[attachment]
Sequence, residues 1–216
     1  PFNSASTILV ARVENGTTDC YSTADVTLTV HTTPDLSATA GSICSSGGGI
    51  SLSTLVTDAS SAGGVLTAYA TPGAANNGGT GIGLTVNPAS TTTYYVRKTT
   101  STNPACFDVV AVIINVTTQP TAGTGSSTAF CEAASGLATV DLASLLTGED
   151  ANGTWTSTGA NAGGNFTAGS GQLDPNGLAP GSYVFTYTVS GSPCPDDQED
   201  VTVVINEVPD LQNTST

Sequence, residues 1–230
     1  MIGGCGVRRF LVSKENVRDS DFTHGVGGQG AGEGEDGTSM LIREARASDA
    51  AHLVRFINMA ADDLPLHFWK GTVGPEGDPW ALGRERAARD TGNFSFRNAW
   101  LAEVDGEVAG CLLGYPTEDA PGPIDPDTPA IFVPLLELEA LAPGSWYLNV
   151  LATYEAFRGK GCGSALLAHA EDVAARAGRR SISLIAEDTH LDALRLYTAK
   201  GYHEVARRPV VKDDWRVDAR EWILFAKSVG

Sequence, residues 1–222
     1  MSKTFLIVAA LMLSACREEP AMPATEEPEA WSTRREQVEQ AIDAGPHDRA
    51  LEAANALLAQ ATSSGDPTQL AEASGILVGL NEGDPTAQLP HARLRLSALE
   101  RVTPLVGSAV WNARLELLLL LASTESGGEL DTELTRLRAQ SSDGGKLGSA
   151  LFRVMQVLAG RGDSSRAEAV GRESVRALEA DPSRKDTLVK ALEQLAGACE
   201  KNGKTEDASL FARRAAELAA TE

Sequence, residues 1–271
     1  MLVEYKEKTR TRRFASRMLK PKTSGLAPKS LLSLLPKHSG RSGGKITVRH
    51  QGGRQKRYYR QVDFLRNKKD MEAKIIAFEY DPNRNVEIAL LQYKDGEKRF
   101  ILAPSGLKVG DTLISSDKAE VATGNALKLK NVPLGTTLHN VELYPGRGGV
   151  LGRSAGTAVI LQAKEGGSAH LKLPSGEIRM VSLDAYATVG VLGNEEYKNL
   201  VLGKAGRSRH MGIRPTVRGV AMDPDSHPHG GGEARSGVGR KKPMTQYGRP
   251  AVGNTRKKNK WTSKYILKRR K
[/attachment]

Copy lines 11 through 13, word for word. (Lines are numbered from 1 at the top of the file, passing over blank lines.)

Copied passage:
   151  LATYEAFRGK GCGSALLAHA EDVAARAGRR SISLIAEDTH LDALRLYTAK
   201  GYHEVARRPV VKDDWRVDAR EWILFAKSVG

Sequence, residues 1–222